Jonathan Gelin 6/27/10 English 101 cal Dr. O’Connor
The effects that sweatshops have on the economy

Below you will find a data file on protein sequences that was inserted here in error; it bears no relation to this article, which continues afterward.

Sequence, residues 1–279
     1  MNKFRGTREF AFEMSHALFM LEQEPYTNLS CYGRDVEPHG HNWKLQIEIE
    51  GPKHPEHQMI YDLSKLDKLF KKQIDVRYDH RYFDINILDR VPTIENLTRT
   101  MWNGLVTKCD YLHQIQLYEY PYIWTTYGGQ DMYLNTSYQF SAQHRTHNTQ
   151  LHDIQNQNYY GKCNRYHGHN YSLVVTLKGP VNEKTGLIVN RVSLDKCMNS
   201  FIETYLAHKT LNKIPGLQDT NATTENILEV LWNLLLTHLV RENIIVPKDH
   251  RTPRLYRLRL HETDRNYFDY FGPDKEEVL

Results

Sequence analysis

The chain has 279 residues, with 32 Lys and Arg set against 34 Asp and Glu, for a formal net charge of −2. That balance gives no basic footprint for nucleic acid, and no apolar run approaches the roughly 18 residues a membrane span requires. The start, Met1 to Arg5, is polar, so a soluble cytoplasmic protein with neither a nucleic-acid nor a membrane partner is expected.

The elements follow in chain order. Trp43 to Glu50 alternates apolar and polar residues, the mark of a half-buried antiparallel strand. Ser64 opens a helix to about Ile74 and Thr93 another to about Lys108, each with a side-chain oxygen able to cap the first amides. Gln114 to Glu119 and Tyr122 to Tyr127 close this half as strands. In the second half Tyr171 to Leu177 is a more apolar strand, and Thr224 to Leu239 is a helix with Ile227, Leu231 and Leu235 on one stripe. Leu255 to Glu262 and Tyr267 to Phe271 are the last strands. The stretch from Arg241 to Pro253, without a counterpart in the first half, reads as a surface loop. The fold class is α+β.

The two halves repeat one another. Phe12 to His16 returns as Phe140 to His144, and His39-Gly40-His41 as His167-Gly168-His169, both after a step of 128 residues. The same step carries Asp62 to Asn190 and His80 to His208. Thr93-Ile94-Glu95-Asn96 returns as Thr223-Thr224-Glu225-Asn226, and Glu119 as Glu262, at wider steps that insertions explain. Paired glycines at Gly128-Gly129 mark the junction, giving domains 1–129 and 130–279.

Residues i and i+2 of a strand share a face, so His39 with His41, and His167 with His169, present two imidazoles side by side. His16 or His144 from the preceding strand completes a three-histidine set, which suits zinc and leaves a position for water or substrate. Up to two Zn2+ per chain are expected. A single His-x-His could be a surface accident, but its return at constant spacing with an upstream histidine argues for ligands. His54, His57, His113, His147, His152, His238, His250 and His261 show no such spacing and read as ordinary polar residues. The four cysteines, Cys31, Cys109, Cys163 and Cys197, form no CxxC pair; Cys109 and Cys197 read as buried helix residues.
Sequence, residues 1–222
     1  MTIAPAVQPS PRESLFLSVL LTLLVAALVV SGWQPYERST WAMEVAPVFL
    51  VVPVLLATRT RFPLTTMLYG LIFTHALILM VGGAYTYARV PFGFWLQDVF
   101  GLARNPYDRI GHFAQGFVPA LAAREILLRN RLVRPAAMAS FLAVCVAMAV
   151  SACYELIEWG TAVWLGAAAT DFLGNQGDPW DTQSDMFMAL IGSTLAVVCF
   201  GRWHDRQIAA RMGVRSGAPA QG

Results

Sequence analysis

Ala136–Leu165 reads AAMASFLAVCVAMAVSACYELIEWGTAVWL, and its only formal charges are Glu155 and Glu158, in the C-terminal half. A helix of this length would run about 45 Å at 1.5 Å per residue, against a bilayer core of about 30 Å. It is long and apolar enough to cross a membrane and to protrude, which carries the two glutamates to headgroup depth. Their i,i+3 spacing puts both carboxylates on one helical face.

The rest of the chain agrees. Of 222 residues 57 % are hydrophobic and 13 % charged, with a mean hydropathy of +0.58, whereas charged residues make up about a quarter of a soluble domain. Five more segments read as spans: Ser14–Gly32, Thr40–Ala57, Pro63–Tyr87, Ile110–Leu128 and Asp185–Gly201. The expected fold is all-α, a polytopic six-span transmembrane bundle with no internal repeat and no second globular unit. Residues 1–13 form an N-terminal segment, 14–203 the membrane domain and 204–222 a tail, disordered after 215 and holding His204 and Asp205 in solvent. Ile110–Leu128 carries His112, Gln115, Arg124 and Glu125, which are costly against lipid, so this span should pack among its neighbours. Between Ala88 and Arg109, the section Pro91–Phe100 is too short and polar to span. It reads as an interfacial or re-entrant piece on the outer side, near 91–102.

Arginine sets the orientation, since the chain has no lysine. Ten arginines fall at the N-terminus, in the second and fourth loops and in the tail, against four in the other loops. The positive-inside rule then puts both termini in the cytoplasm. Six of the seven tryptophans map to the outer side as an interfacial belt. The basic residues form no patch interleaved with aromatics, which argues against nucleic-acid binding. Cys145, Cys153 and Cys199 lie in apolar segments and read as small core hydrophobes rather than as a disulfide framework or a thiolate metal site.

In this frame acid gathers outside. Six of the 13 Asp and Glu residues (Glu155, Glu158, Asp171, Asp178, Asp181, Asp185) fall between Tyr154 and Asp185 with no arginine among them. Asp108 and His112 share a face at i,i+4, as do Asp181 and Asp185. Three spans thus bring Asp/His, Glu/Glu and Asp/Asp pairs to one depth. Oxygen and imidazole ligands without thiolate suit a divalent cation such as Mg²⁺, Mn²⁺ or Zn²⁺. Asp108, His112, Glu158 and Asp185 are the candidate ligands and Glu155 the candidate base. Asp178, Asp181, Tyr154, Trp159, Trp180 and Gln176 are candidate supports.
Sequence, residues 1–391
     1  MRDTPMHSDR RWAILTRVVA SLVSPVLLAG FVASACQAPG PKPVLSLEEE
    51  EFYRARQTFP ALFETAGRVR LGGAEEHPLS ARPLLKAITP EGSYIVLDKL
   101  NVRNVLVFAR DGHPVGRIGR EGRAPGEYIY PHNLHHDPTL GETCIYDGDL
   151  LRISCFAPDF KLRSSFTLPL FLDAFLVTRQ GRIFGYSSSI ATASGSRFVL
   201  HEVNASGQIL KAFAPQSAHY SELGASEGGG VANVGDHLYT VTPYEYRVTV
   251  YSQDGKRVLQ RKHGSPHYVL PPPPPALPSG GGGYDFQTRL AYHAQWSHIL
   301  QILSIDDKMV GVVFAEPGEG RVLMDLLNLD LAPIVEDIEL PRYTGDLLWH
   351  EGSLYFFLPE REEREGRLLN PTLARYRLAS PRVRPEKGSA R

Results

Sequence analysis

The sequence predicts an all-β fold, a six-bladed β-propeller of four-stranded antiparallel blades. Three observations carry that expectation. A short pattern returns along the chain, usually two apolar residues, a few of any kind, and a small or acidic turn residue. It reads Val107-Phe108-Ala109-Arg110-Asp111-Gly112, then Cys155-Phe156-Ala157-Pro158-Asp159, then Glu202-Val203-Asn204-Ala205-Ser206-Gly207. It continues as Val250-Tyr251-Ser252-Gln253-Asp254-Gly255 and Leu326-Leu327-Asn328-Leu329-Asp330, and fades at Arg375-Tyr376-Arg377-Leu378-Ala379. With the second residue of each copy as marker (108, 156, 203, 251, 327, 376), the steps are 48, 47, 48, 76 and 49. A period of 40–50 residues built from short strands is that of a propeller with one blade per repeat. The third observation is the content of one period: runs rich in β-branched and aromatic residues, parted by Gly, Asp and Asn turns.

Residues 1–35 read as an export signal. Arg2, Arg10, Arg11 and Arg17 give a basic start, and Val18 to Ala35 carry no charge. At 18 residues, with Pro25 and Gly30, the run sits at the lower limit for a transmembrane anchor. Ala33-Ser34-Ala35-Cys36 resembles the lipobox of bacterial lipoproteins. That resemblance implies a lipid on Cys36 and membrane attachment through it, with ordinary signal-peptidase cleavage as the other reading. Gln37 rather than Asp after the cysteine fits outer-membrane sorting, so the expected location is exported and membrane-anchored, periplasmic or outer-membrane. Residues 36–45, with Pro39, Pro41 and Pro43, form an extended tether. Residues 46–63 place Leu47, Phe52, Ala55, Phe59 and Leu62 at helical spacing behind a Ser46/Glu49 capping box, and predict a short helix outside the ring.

In recent discussions of economics, a controversial issue has been whether sweatshops should be shut down in foreign countries. On one hand, some argue that sweat shop labor should cease to exist in foreign countries because of the poor conditions in which these employees work in including the following; working 10 hours a day seven days a week for less than a dollar an hour, being denied vacation time and bathroom privileges and being required to work when sick and or injured. On the other hand, some argue that sweatshops should be shut down because a lot of American jobs are being out sourced to foreigners due to American companies building more sweat shops in third world countries. My own view is that sweat shops should not be shut down in foreign country because our economy, as well as theirs, depends on this cheap labor. Common sense seems to dictate that if a company supports sweatshops, the best way to go against them is to boycott their products or protest until they get their point(s) across. However, many Americans don't understand the delicate balance of foreign economies. According to an article posted in the New York Times titled China, the Sweatshop. The gross domestic product per person trebled over the last 10 years, to $7,200. Furthermore, the share of the population living on less than a dollar a day fell to 16 percent in 2005, from 36 percent in 1999. This shows that sweatshops are actually improving the overall economy of china and helping to lift the Chinese citizen out of poverty If we become more successful at eliminating sweatshops in foreign countries then thousands of people in these nations will lose their jobs. Some may argue that’s...
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